“Which brings us to the infamous press conference of April 23, 1984 when Dr. Gallo announced his discovery that a virus which would later be called HIV caused AIDS. We've heard testimony during the trial that it took an international agreement between nothing less than President Ronald Reagan of the United States and Prime Minister Jacques Chirac of France to settle the crisis Gallo had created by stealing the AIDS virus from the French. I spoke to Dr. George Mercer, who, at that time, was a research scientist at the Los Alamos National Laboratory in New Mexico.”
The press conference is replaced on the green screen with video of an interview with Keating and another man, which soon takes over the entire picture.
“Dr. Mercer, tell us what you did in 1987.”
“I compared the genetic codes of both the French virus they were calling LAV and the virus Dr. Gallo claimed to have discovered and was calling HTLV-3.”
“And what were your conclusions?”
“The codes were so similar – almost identical – that I knew they were not independent discoveries, but had to have come from the same patient.”
“You're saying that both viruses had to come from the same body?”
“Yes. From the French patient.”
“So Dr. Gallo's virus that he claimed to have discovered in his laboratory had to have actually been sent over from France.”
“That's the only explanation I can give you.”
“And did you make anyone aware of your findings at that time.”
“Yes. I sent my report to senior officials at the National Institutes of Health.”
The video interview ends and Keating is once again live on the TV.
“Even a press spokesman at the National Institutes of Health said, quote, Yeah, everybody here believes Gallo stole the virus, unquote.”
This is definitely libel and slander…unless it’s all true. Sarah can’t really believe it. Or is it that she doesn’t want to believe it?
Keating has a book in his hand that he holds up. On the green screen, pages 210 and 211, supposedly from this book, are displayed large enough to read.
“Finally in 1991, in his book, Virus Hunting, Dr. Gallo admits that the pictures of the HTLV-3 virus he offered in his 1984 press conference were really pictures of the French LAV virus. But he now claims that these pictures were, quote, inadvertently used, largely for illustrative purposes, unquote.”
“We also heard testimony this week that Dr. Gallo had ordered one of his research assistants, a Doctor Pavlovich...” video tape of Dr. Pavlovich on the witness stand silently runs behind Keating, “...to create a fake culture, called H9, to make it more difficult for anyone else to test his theories, contending that the H9 culture was the only one in which the AIDS virus would grow. In essence, Dr. Gallo stole the culture called HUT78 from Dr. Adi Gazdar, claimed he was the developer of this new culture called H9, and then limited who had access to it.”
As the camera returns to Keating live, it also begins to zoom in closer, leaving the green screen behind and centering Keating on the TV to deliver his next few lines.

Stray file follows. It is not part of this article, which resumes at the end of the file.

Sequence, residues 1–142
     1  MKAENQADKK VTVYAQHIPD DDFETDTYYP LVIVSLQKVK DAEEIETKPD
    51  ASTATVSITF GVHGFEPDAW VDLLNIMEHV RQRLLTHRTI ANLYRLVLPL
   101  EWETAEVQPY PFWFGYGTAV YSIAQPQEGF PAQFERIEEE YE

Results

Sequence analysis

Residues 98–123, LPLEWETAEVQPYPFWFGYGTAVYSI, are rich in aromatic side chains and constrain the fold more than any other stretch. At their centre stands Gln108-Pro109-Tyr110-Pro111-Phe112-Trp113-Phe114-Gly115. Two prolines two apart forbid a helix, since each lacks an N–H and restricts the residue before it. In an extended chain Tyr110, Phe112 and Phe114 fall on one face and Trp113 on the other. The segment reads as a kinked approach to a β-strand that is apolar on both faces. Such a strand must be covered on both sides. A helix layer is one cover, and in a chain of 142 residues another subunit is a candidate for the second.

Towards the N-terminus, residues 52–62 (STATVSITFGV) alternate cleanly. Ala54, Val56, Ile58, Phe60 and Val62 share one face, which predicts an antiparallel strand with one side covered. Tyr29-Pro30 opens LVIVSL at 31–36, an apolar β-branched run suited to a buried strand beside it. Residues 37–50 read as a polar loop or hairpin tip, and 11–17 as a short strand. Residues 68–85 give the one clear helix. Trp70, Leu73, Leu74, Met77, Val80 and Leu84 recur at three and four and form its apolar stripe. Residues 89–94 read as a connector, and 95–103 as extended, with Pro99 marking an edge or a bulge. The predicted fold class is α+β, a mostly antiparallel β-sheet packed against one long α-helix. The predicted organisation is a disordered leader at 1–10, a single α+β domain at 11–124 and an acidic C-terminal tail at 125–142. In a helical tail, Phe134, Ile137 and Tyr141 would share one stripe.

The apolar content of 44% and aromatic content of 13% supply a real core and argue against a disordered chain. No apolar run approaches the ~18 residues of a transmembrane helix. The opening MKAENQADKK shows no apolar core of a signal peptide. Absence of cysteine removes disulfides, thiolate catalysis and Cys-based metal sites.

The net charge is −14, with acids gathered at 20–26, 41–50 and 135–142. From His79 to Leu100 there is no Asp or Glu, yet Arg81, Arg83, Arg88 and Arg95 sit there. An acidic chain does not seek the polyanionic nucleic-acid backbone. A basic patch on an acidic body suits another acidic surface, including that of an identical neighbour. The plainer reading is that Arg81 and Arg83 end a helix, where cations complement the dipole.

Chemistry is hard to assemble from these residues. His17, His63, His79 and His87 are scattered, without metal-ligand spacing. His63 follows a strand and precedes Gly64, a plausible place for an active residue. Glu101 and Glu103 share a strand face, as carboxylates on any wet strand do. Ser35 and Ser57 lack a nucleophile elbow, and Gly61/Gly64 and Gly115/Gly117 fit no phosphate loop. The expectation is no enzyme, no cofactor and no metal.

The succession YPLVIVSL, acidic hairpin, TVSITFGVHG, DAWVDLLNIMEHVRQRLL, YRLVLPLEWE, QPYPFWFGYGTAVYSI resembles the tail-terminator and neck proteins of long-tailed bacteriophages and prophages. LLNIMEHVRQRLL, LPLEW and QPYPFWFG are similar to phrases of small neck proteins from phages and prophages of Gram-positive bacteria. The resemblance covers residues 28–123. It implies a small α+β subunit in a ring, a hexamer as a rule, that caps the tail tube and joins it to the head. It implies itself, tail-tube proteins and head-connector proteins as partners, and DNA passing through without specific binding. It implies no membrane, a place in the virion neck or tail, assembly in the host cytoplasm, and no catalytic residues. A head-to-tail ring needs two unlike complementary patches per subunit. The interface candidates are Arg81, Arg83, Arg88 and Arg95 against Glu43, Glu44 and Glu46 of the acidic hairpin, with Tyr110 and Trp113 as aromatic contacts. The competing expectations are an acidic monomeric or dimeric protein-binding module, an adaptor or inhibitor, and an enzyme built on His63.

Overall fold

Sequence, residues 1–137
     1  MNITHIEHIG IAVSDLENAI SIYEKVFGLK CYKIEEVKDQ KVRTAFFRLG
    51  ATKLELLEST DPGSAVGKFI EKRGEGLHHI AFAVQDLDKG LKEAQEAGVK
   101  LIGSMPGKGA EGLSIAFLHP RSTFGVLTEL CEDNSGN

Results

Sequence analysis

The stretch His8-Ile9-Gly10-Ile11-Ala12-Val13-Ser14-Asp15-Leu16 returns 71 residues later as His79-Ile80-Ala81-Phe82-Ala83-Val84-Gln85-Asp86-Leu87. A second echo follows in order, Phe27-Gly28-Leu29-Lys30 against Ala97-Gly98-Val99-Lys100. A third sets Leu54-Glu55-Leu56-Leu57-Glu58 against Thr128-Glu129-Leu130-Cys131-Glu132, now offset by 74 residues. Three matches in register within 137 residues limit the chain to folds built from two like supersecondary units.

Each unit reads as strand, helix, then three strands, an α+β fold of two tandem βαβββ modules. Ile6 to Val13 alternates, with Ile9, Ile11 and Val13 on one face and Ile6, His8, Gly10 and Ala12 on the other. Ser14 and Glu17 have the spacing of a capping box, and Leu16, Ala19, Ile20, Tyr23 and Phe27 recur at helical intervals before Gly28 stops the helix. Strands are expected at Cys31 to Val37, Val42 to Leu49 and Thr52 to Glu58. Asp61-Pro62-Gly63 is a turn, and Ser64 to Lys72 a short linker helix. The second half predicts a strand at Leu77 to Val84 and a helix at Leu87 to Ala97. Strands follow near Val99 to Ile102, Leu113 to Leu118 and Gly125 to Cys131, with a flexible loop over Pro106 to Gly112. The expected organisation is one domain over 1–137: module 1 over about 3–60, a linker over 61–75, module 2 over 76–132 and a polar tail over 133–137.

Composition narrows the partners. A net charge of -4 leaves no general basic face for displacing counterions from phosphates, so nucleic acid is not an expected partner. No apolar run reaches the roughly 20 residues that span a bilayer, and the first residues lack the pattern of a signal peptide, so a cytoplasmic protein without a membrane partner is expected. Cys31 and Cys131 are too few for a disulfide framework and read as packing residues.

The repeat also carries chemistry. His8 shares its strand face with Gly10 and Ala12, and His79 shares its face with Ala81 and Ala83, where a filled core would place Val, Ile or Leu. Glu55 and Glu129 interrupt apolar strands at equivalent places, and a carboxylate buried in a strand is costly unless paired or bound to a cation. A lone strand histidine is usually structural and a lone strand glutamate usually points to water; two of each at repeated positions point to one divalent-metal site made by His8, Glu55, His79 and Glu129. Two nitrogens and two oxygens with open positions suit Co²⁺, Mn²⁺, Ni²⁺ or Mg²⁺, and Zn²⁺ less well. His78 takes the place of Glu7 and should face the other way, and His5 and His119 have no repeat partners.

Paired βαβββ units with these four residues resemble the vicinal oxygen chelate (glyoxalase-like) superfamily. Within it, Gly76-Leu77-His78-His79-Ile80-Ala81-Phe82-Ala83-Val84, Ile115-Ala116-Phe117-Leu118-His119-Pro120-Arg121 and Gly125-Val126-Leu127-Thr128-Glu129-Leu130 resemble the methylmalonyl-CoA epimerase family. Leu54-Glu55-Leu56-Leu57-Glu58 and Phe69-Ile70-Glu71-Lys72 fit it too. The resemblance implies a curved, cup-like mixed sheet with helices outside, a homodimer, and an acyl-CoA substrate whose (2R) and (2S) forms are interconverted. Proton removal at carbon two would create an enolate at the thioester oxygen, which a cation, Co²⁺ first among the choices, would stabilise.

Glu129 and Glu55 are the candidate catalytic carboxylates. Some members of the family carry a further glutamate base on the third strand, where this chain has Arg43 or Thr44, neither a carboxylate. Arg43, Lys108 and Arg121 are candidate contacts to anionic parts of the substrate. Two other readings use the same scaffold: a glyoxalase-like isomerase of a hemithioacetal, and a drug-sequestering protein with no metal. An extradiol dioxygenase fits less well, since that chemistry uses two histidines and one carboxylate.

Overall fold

“I also found out that Dr. Gallo even refused to lend the Center for Disease Control – his own governmental peers – any samples of his HTLV-3 virus unless they guaranteed in writing not to compare it to any other viruses, obviously fearing they would discover it was identical to the French.”
The camera pulls back again to reveal the cover of what looks like an official government report above Keating’s right shoulder.
“When all of this began to surface in 1989, thanks largely to Pulitzer Prize-winner John Crewdson of the Chicago Tribune, the Office of Scientific Integrity – an arm of the National Institutes of Health – was forced to conduct an investigation. They issued a preliminary report in September of 1991, finding evidence of misconduct on the part of Dr. Robert Gallo. However, Gallo's boss at the NIH saved him from disgrace, humiliation, and expulsion by changing the final OSI report…” the green screen zooms in to focus on actual text from the OSI report, “…finding him guilty of only, quote, creating and fostering conditions that gave rise to falsified and fabricated data and falsified reports, unquote – a minor misdemeanor, in other words.”
The OSI report fades and the cover of Science Magazine appears….
“But Gallo had published an article in Science Magazine in the spring of 1985 claiming that his new virus had been, quote, isolated from a total of 48 subjects, unquote. Under later examination by John Crewdson of the Chicago Tribune, no trace of those 48 isolates could be found.”
…which then dissolves into another official-looking report cover.
“And this led to another investigation by the Office of Research Integrity of the Department of Health and Human Services. Their 1992 report found Dr. Gallo guilty of scientific misconduct – the harshest possible verdict, and a death sentence in career terms.”
The camera zooms past Keating to the green screen, which begins to list items from the findings of the O.R.I. report as Keating describes them.